Autism, Personal Stories

Mainstream arts playwriting experience - coming to terms with Skype and conflict

Hey there.

It’s been a while. It’s getting very close to performance time for the excerpt of my short play

In case you’re jumping straight in here for the first time, I wrote a previous piece describing the Mainspring Arts play writing programme where I won a place and how the programme was designed and delivered in a way accessible to neurodivergent people.

So, what happened next?

We were each assigned a deadline by which to have our first draft ready, and a play writing mentor. Mine was Nicola Werenowska who wrote Silence, a play exploring the intergenerational effects of World War II experiences on Polish people and their families. She is dyspraxic and so part of our neurodivergent family. She also delivered one of the workshops on the programme, looking at the use of monologue in a play.

I sent Nicky the first draft of my play and we arranged to have a feedback discussion via Skype. I was a bit nervous about using Skype for a few reasons. Firstly, I have auditory processing issues so I was worried that she might ask me questions and I’d struggle to answer them because I hadn’t taken in her question properly. I needn’t have worried. The focus was on Nicky providing me her feedback, so all I had to do was listen and scribble. So long as I can write, I can take in information.

I also find the video aspect of Skype a bit distracting. I keep seeing my own face and find myself watching to check that I’m showing more than ‘resting bitch face’, that there are some appropriate emotions showing there. There usually aren’t but on this occasion, I was too busy scribbling to worry about it.

The other scary bit about Skype is that it’s all so immediate. I find there’s no time to think what my answer should be, same as phone calls. The video does let you see people’s facial expression and so their responses, but invariably there’s a timing disconnect between the picture and the sound which all adds to the confusion.

Once I got over the fear of the format and was happily scribbling, the feedback was invaluable. Nicky put into words all the half-sensed issues I had with the play but couldn’t put my finger on. Writing is such a closed-in process and just because something makes sense in your head doesn’t mean it does to others, especially when neurodivergent thinking is thrown into the mix. She gave me several options to consider which had the effect of opening it out and closing it down – these are the different things you could do, go play with them and then choose one.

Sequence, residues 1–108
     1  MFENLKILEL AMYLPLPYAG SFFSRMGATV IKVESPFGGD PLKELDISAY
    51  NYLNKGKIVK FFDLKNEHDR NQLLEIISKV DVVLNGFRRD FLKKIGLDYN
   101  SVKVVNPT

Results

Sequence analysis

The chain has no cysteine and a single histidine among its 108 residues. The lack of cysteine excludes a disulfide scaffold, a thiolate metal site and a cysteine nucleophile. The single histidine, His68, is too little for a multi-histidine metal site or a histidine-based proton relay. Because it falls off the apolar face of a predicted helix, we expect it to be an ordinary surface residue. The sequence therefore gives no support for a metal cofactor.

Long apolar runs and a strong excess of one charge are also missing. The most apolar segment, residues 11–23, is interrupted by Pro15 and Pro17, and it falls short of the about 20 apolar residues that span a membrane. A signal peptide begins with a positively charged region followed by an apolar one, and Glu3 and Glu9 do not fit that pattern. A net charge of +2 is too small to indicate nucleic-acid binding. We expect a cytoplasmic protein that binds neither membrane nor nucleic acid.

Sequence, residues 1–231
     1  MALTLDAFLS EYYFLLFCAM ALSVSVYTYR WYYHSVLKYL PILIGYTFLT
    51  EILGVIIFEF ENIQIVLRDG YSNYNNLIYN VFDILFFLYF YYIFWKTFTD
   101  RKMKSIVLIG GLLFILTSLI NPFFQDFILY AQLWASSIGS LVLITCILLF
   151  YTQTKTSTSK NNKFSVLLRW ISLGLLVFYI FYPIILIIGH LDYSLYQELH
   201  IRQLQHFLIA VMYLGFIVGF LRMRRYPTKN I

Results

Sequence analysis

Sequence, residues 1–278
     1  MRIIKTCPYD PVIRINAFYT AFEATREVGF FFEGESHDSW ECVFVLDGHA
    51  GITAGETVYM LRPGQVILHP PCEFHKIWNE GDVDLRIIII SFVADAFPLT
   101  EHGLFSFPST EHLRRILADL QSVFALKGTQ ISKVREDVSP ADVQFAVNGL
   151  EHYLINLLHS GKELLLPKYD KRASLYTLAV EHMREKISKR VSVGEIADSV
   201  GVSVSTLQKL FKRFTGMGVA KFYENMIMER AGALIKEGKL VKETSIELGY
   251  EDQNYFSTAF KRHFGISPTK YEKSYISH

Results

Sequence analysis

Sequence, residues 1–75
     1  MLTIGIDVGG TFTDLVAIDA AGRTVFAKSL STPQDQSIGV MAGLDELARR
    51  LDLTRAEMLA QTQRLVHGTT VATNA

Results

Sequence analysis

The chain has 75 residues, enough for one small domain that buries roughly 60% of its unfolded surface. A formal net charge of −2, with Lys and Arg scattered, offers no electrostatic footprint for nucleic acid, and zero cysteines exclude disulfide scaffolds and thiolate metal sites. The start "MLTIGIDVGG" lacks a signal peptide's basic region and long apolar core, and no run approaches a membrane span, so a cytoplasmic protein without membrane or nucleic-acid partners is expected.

Nicky gave me lots of little methods to tease out the options, lots of writing around the edges that the reader or audience never get to see but that inform the end result.

The key to the issues with my draft was my tendency to downplay conflict – so many years of masking to avoid it, I guess – and this is where the juice is in any drama. I had to up the level of drama and create a clear antagonist. Who was my main character in conflict with? Where was the edge? The answer was with herself.

I re-wrote the play cutting out a whole host of characters and focusing on two aspects of the one main character, her mind and her body and re-submitted the second draft.

Nicky gave me a second lot of feedback which included more critique on the play and a discussion of ideas to develop the play from a short ten minuteevent to a full forty five minute play suitable for radio, which is my intention. I needed yet more conflict, even more distinction between the voices of the two characters, and to get rid of the teacher-ishtone of the third scene.

The last stage then was to submit the final version back to Mainspring Arts and onto the director. This last part of the process of getting play onto the stageis something I’d never considered and involves discussion and collaboration, and it’s all happening this week.

The mentoring part of the process was invaluable in clarifying what I wanted my play to say and in tightening up my writing. It’s such a solitary occupation that an external perspective is vital. I’ve had that before through the editing process in novel writing. The unexpected bonus was a deepening of my understanding of my autistic processes, too.

Watch out for part three to hear the final story of this adventure in neurodivergent writing.

The excerpts of all the participant’s plays will have a rehearsed read through at next weekend’s Autism Arts Festival in Canterbury.

The event will be livestreamed on their Facebook page 11.45am-1.15pm Saturday 27th April if you’re interested.

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About Jae Erwin

Jae, late-diagnosed ASD1 at 55, teaches yoga and writes to explore and communicate the inside experience of autism that others see on the outside.